The Mancunion

Britain's biggest student newspaper

The Staves

Folk up-and-comers The Staves spoke to The Mancunion about their debut record, gender politics and world domination


The astonished silence before the applause: this is what speaking to a band currently enjoying the boost of critical recognition feels like. The Mancunion caught up with Jessica, one of the three Staveley-Taylor sisters who make up The Staves, right before the release of their first album, Dead and Born and Grown. She expressed relieved excitement at the gathering momentum of their success, after years of hard graft: “it’s all just quite surreal, I think. We’re just getting used to people knowing who we are and even wanting to have an opinion on us”. Jessica and her two sisters, Emily and Camilla, have been making music together from their teens; at early gigs in their local Watford pubs, Camilla, who is the youngest, occasionally had to be sneaked in because she was underage. They have since worked their way up from start-out venues to play with the likes of Ben Howard and Michael Kiwanuka. They performed on a trip around America this summer and, most recently, supported Bon Iver on his UK tour, playing to audiences of up to ten thousand people.

Artists like The Staves can face a long road to recognition, in comparison to the pop-up band-brands contrived by major record labels: Jessica noted that the lengthy process often involved “when you approach it from a gigging point of view, as opposed to the more manufactured artists that just kind of appear one day, don’t they, on billboards and stuff, and you’re thinking ‘Oh, where have they come from?’”. When thinking about the place that The Staves want to occupy in today’s music scene, Jessica made a diplomatic distinction between this mode of promotion and their own approach: “on the whole manufactured thing, the celebrity side of things, that’s kind of not what we do – and I think there has been a reaction to that, that people are more interested in hearing the sounds of real instruments and real voices and not hearing too much production and auto tune.”

The Staves’ authentic sound – lucid three-part harmonies, cleansed of over-produced gloss – has been well documented: the simple combination of voice and guitar distinguishes them as perhaps the purest part of a recent backlash against artificiality.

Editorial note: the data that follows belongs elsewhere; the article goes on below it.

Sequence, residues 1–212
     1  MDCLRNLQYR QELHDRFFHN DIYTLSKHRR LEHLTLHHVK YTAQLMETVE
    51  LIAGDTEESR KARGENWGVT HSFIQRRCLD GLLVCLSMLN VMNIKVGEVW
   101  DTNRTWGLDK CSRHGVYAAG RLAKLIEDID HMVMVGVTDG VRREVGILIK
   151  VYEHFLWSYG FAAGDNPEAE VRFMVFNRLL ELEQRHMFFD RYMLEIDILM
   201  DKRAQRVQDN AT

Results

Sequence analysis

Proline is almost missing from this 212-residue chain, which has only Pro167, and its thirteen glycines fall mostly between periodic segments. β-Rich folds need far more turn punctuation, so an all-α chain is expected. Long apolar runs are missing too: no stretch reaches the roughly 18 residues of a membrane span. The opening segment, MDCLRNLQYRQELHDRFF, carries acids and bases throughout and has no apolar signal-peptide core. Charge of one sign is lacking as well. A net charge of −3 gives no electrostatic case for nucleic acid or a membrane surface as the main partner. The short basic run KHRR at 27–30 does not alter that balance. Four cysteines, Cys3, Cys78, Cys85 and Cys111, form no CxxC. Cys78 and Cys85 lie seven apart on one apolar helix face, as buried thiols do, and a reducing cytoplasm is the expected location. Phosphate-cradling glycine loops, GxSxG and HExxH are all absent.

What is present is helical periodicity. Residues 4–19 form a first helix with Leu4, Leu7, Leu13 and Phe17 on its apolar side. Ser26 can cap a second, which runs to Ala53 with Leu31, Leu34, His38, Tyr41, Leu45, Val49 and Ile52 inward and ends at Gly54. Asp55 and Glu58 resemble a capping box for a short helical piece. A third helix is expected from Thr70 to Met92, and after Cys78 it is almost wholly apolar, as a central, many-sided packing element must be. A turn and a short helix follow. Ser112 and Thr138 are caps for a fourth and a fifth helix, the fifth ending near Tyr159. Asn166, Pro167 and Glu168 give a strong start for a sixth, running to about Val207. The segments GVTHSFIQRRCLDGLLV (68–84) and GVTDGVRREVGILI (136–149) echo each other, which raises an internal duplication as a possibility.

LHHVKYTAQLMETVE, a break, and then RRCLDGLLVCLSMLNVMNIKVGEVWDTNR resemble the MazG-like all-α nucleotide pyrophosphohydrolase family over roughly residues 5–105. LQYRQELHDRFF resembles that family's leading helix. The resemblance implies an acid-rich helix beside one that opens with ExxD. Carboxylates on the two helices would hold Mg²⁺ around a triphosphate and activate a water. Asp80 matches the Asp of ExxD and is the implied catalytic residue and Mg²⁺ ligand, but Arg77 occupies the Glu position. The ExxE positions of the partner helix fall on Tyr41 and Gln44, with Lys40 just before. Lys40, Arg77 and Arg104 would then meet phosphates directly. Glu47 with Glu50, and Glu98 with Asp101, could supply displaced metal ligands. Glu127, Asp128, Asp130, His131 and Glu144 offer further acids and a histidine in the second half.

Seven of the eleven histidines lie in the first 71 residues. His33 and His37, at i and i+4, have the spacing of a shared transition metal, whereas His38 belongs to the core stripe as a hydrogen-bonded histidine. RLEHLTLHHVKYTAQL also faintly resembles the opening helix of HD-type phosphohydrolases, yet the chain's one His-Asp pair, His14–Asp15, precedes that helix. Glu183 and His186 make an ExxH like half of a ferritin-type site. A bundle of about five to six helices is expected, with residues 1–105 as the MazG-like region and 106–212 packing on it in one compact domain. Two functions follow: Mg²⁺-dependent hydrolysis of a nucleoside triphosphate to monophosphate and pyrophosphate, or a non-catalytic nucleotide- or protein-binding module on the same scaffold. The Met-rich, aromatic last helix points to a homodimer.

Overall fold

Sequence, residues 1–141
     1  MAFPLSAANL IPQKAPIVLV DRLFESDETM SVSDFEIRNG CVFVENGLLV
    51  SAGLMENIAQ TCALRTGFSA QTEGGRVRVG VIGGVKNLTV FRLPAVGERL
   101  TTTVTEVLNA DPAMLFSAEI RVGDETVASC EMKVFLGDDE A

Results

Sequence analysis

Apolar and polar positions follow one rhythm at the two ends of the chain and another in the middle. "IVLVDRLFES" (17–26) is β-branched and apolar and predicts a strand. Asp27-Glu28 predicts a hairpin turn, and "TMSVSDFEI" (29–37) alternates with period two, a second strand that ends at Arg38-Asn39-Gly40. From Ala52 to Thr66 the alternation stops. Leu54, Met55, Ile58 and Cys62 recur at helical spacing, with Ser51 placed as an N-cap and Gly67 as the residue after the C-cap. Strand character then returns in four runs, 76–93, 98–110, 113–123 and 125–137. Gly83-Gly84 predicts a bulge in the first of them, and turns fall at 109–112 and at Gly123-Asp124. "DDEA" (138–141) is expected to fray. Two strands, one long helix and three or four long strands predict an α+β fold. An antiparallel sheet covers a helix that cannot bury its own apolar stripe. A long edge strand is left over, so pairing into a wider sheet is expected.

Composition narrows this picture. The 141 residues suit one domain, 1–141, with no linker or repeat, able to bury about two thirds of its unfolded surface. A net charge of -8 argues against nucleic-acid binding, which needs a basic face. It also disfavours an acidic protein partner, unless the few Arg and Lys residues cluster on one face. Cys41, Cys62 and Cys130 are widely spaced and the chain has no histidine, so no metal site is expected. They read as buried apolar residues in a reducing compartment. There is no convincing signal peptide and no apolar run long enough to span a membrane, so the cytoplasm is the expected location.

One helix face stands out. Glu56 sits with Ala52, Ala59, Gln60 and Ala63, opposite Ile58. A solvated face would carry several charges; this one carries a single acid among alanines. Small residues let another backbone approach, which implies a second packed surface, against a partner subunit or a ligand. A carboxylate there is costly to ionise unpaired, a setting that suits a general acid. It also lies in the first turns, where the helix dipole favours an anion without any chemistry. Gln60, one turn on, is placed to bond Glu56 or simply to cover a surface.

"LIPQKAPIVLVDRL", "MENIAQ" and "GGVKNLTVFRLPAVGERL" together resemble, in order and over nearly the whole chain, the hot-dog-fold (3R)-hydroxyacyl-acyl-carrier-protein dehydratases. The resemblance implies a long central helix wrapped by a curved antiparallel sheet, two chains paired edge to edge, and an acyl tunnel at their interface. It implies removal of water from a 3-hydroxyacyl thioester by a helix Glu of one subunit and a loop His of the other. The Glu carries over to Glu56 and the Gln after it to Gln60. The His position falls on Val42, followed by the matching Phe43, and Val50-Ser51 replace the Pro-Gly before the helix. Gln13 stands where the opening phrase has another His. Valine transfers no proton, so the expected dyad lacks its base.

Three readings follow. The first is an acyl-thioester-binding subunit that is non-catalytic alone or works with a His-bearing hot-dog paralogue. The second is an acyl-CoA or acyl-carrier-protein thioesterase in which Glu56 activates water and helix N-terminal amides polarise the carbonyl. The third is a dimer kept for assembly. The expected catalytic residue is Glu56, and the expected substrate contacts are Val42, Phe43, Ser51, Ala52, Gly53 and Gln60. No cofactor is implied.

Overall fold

The band had time to talk gender politics, too, with Jessica displaying frustration at the  focus of attention often being on  The Staves’ all-female lineup: “I think it was Joni Mitchell who said “Female isn’t a genre”, but so many people see it as a genre and won’t compare, I don’t know, Bob Dylan and Joni Mitchell to each other – because one’s a man and one’s a woman, they’re in different categories. Which I suppose I find really weird, it doesn’t make any sense to me. We’re often described as a ‘female band’ but they would never describe Coldplay as a ‘male band’.” More worryingly still, she suggested that this attitude remains a factor their reception when gigging: “you think, actually, if we were a band of guys and we had a drum kit and bass, they’d never speak to us like that. They obviously just think that we’re idiots, with long hair, running around.” This testimony to regressive attitudes within a music industry broadly dominated by men is sobering.

More encouragingly, the rise of digital media does offer the potential for a new equality in how bands like The Staves come to be promoted. The shrinking of funds, though in some ways damaging to artists, has prompted the curtailment of extravagant corporate demands. Jessica commends this change: “If you look ten, twenty years ago, the amount of money record companies had to throw around was just obscene, and a band at our level would just be spending insane amounts of money on, I don’t know, limousines, or something completely pointless”. She does admit that this comes with certain downsides: “I mean, we’ll never make any money from what we do, just because of the way things are – you can’t sell as many records as you used to”. This is an observation that echoes the difficulties facing all emerging young professionals today, having to come to terms with the fact that they will achieve less financial success that the previous generation.

Yet this doesn’t seem to have dented The Staves ambition: “I’m not going to say ‘world domination’, but world touring would be amazing. As long as we’re having fun, it’s cool and we’re doing the right thing. There’s no master plan. Keep your head down, get on with it.” Their way of thinking about the future offers a refreshing freedom and pragmatism – but the applause will be no less uproarious.

The Staves play the Ruby Lounge on November 27